New Choreography To Explore Identity, Creativity, Darkness in PNB’s EMERGENCE, Nov. 6-15

Claire Biringer
Posted on November 05, 2015, 10:46 am
3 mins

Pacific Northwest Ballet’s second program of their 2015-16 season, EMERGENCE, opens to Seattle audiences Friday November 6. The line-up includes four distinct contemporary pieces, including a world premiere, Signature, with choreography by PNB corps member Price Suddarth. The music of the four works will provide some fabulous contrast to the collective contemporary atmosphere, with sources as far-ranging as Stravinsky, 12th century medieval, and an all-new score by Seattle composer Barret Anspach.

Kiyon Gaines’s Sum Stravinsky will begin the program with Balanchine-inspired choreography, a Stravinsky score, and an exploration of shape, pattern and onstage collective motion. This work was seen at PNB in 2012 for the company’s 40th Anniversary season, and an immediate favorite of audiences and dancers alike. The second piece in the program, The Calling, contains haunting choreography by Jessica Lang set against a backdrop of medieval chant. Although the piece is new to PNB audiences, Lang’s extensive body of works and accreditations, along with her former association with Twyla Tharp, is more than enough to intrigue Seattle audiences.

Price Suddarth’s world premiere, Signature, begins the second half of the program. One of Dance Magazine’s Top 25 to Watch, Suddarth’s choreographic career has been building since 2007, with his participation in workshops and festivals nationwide; this will be his first mainstage premiere as choreographer at PNB. Signature’s score is an original work by Pacific Northwest Native Barret Anspach, an active composer of chamber and pop music alike, with a special interest in scoring for ballet.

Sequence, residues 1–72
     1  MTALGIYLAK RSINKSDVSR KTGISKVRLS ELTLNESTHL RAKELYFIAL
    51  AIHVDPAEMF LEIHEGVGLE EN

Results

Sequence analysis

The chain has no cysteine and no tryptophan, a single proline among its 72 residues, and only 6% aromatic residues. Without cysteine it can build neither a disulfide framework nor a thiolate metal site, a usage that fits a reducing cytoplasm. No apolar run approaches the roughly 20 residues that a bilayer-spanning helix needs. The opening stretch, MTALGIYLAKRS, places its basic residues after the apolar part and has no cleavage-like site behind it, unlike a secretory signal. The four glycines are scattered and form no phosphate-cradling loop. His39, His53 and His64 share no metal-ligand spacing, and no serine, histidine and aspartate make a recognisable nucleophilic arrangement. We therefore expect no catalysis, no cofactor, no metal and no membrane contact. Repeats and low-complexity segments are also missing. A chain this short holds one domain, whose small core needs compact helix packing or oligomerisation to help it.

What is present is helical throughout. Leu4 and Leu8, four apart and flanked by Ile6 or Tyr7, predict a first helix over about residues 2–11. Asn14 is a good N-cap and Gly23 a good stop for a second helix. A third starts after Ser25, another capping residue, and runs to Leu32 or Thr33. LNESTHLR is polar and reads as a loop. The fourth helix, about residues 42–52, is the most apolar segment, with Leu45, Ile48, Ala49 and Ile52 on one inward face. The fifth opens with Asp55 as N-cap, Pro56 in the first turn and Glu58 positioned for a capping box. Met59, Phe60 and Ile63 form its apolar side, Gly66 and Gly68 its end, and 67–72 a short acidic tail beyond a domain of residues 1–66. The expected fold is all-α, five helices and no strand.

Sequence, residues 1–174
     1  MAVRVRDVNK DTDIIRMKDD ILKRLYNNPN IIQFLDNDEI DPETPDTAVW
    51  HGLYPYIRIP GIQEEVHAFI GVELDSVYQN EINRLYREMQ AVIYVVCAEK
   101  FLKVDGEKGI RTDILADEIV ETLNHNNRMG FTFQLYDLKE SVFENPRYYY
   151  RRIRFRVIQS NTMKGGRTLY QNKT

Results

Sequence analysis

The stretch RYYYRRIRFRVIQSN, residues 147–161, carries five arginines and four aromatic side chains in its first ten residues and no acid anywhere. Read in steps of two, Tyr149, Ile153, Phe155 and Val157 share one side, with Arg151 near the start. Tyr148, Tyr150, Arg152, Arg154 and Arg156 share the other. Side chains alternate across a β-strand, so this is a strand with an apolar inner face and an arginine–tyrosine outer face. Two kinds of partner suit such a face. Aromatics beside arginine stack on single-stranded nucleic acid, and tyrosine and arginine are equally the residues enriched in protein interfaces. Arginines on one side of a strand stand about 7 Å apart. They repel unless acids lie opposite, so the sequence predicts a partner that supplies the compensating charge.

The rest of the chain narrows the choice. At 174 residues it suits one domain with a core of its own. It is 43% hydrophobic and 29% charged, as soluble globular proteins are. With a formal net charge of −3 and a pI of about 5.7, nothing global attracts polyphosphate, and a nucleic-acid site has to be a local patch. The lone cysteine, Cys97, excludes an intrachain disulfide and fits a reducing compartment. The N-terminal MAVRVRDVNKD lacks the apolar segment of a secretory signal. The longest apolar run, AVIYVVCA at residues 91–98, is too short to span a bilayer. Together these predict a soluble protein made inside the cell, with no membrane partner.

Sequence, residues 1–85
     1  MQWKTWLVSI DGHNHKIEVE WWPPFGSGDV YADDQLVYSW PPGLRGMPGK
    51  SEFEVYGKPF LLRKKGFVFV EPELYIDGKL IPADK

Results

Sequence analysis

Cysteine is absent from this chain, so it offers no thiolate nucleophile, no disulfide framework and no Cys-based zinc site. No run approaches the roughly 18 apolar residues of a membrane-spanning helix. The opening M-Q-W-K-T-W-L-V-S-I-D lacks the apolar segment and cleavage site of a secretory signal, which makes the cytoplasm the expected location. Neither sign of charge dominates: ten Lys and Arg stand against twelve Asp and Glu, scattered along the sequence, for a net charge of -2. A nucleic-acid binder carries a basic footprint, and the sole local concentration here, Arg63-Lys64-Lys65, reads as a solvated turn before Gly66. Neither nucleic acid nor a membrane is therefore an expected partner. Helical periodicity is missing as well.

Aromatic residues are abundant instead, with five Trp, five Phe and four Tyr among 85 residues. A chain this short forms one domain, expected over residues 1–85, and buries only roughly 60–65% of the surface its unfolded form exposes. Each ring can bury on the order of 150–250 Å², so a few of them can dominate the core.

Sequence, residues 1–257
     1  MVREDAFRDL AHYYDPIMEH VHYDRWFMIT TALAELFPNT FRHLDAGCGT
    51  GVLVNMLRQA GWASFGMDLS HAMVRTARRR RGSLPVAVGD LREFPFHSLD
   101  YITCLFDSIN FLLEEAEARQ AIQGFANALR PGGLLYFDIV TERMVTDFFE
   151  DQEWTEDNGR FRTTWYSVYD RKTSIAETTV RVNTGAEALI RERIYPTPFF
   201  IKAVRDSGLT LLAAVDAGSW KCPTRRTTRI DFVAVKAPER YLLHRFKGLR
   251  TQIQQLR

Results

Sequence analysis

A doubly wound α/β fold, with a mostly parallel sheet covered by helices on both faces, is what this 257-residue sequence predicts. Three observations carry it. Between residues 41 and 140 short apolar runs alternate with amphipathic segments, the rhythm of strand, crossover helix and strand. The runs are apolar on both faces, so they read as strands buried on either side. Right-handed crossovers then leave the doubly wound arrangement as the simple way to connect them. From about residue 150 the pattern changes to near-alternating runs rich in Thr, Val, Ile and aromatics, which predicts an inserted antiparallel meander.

The titular work will close the program; Crystal Pite’s Emergence premiered at PNB in 2013; the work has won numerous Dora Mavor Moore awards, including Outstanding New Choreography and Outstanding Production. The work explores “individual expression and collective problem solving through movement” and prizes the “grotesque over the beautiful.” From the press release:

A riveting dark-hued work that casts a swarming, scurrying group of dancers, insect-like, in an eerily subterranean universe, Emergence dramatizes through its mesmerizing choreographic attack the ways in which the instinct for creating social forms seems hard-wired into life itself. Pite’s inspiration for the work came from reading Emergence: The Connected Lives of Ants, Brains, Cities and Software by American popular science theorist Steven Johnson and considering parallels between the social organization of bees and the hierarchical nature of classical ballet companies.

For those who have given up hope of PNB truly diving into the world of more experimental works, this is the show you’ve been waiting for. There are seven performances only–check PNB’s website now for ticket and calendar information, and be sure to keep an eye on their entire 2015-16 season for even more new choreography.


Pacific Northwest Ballet’s EMERGENCE

When: November 6 – 15, 2015

Where: McCaw Hall, 321 Mercer Street

Claire Biringer
Claire Biringer is a Seattle-based music lover, educator and writer. She holds an MA in Music History from University of Washington, where her primary research involved contemporary opera and its social implications. She enjoys using music and writing to build communities and broaden minds.

One Response to: New Choreography To Explore Identity, Creativity, Darkness in PNB’s EMERGENCE, Nov. 6-15